Baoule are an ethnic subdivision of the ‘mighty’ Akans. They comprise about 3% of Ivorian population. Baoule people gained momentum in recent years and have their say in the political masses of Ivory Coast.
Like Akan people, Baoule are tied with rich ancestral beliefs, customs and norms.
Baoule believe that each individual is paired off with a deity, a spirit, who remains tied to it even before the inception of individual in the real world.
Different statues represent different spiritual forms for example ‘blobo bian’ is represented as man’s spiritual wife whereas ‘blobo bia’ is a women’s spiritual husband.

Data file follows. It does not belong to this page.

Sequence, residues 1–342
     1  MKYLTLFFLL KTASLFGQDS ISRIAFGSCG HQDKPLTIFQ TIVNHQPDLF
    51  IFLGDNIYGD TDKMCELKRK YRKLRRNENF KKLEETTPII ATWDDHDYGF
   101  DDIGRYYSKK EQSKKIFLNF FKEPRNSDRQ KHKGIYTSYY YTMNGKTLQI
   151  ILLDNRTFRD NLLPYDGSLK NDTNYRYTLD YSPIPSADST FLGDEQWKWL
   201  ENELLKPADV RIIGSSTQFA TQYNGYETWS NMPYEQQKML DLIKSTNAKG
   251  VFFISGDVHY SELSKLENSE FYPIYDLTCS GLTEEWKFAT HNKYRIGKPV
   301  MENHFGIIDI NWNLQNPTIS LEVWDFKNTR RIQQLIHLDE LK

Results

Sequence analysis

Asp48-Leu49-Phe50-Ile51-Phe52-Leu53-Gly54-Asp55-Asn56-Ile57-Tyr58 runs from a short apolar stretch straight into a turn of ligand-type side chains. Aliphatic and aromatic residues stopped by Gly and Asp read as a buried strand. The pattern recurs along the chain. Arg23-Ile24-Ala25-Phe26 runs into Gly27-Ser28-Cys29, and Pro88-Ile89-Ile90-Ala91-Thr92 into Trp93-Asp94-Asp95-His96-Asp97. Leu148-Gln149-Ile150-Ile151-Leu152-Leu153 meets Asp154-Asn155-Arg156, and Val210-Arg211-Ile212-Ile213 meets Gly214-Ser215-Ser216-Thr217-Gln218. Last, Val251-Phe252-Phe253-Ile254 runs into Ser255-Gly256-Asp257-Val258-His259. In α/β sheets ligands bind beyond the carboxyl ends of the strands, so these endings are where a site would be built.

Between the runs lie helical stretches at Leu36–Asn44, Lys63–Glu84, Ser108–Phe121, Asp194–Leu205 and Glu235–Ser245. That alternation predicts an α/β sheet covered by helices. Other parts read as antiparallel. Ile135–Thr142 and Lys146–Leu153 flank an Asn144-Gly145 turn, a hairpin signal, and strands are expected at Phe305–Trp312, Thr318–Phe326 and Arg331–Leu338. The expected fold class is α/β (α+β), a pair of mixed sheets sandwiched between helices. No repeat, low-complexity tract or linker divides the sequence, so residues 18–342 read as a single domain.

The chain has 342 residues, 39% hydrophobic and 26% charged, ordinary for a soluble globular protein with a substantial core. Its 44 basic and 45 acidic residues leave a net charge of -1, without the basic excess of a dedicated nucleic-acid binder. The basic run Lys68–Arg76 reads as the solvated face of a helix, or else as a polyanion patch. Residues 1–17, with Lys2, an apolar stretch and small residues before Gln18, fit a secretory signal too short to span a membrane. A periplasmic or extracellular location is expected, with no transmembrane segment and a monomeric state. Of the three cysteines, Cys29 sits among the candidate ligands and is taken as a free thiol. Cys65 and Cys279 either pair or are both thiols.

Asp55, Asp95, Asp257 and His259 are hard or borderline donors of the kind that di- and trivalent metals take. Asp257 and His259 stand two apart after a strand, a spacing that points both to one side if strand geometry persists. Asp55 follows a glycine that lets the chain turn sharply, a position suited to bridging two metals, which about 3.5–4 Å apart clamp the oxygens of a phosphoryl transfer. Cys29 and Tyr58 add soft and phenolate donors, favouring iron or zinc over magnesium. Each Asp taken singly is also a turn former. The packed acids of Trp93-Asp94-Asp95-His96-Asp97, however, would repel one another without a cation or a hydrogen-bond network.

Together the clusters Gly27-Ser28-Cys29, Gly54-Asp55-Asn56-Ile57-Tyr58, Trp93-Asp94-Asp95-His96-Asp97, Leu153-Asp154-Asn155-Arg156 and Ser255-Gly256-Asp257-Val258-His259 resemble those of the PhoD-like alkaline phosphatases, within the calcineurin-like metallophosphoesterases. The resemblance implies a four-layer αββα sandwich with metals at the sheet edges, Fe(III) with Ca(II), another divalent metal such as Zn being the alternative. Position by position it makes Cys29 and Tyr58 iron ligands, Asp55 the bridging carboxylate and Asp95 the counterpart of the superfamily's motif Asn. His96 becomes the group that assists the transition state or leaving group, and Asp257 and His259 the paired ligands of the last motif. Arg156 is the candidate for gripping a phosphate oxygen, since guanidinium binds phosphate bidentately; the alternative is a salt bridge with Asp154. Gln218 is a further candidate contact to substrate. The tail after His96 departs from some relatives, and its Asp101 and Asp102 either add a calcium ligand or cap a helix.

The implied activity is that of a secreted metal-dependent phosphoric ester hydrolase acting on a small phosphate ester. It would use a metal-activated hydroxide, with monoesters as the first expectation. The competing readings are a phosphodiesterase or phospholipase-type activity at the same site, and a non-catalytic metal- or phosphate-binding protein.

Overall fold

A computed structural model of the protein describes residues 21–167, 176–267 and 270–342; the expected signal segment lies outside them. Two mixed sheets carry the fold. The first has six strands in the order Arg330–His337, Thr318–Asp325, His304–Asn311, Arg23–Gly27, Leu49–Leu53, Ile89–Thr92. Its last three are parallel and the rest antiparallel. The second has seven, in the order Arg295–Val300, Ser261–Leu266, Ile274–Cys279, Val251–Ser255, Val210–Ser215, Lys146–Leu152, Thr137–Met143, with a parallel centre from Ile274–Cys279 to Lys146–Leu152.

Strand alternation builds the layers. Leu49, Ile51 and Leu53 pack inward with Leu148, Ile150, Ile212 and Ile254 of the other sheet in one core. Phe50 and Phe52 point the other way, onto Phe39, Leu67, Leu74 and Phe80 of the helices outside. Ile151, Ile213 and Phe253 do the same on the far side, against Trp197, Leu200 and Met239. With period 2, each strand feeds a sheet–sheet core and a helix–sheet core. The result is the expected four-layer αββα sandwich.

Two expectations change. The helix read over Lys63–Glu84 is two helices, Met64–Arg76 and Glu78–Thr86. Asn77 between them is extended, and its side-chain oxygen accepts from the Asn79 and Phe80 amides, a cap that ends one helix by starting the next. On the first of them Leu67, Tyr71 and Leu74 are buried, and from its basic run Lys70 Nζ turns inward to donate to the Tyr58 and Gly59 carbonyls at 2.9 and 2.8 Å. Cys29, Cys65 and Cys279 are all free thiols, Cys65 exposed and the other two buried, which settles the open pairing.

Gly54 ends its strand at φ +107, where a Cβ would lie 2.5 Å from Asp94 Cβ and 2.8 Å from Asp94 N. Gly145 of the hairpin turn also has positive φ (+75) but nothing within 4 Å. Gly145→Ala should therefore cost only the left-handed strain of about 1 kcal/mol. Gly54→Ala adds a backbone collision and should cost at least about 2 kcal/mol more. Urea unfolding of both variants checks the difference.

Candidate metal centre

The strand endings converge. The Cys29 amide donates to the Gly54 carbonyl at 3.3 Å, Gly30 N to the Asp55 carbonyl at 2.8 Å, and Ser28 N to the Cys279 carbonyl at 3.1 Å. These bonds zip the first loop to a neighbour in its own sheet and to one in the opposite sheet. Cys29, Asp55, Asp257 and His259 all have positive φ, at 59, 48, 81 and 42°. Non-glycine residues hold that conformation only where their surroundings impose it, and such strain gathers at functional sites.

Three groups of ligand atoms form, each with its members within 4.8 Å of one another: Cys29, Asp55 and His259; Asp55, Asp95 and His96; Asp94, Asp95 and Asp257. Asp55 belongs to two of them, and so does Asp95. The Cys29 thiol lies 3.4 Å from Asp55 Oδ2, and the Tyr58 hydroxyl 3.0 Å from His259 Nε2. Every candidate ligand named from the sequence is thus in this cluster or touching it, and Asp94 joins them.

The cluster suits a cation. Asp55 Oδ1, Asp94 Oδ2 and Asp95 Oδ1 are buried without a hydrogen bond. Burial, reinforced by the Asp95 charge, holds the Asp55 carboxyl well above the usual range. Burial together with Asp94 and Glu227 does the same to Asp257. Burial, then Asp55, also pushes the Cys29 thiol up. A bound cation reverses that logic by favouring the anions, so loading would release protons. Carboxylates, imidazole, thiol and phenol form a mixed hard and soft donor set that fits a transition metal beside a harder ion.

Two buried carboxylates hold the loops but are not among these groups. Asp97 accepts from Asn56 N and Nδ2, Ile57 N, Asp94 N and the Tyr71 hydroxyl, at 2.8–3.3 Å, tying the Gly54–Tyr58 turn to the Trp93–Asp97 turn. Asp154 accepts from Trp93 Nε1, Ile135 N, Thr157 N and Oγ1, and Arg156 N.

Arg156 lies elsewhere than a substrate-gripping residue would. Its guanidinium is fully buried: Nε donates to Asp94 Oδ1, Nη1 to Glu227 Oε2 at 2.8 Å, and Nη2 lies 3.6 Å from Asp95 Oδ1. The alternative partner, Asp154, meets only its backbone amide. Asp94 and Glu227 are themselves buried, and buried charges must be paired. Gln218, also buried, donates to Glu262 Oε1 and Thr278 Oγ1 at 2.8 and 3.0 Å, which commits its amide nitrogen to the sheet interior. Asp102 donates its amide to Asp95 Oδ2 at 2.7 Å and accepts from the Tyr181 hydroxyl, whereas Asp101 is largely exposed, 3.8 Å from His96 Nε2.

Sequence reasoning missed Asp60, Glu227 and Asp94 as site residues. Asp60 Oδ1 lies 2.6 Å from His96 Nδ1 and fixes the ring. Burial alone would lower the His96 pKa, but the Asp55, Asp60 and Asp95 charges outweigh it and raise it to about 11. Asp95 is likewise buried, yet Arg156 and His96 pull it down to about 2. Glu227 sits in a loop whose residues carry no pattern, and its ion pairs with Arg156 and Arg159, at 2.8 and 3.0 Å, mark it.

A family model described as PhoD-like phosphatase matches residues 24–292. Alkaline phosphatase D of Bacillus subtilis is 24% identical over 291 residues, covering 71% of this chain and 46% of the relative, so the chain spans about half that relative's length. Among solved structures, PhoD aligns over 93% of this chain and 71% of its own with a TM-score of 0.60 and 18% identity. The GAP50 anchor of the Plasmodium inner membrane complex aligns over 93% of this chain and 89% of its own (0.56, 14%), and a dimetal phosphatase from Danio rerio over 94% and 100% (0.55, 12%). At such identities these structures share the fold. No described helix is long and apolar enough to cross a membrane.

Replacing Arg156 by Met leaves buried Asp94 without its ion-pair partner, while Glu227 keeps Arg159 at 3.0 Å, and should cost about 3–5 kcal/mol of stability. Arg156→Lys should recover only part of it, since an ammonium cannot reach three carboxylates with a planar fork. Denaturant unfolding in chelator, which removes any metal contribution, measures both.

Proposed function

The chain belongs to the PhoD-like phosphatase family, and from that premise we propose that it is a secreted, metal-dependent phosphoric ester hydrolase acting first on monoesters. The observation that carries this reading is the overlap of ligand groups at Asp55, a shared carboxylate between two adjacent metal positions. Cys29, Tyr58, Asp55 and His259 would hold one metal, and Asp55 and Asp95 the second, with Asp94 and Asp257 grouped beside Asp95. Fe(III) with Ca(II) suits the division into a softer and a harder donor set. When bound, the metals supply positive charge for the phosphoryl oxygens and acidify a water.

The spiritual counterparts can get annoyed with each other and are ‘regained’ via kola nuts, fruits and other tributes.
Use of masks is common; the ‘mbobo’ mask represents famous forebears.
The ‘gba gba’ mask is worn during harvest season at funerals of prominent women. It metaphorically represents old age ‘wisdom’.
The ‘bonu amuen’ masks acts as a protective shield and as a defence tool against expected or unexpected mishaps.
‘Goli’ is the main festival adopted from Mande people.
Villages will gather in streets wearing masks representing different factions of society.
The Baoules are unique, rich and dominant in different cultural orientations.
Fewer in number, the Baoule ‘clan’ may be, but are agile and active contributors to Ivorian culture.
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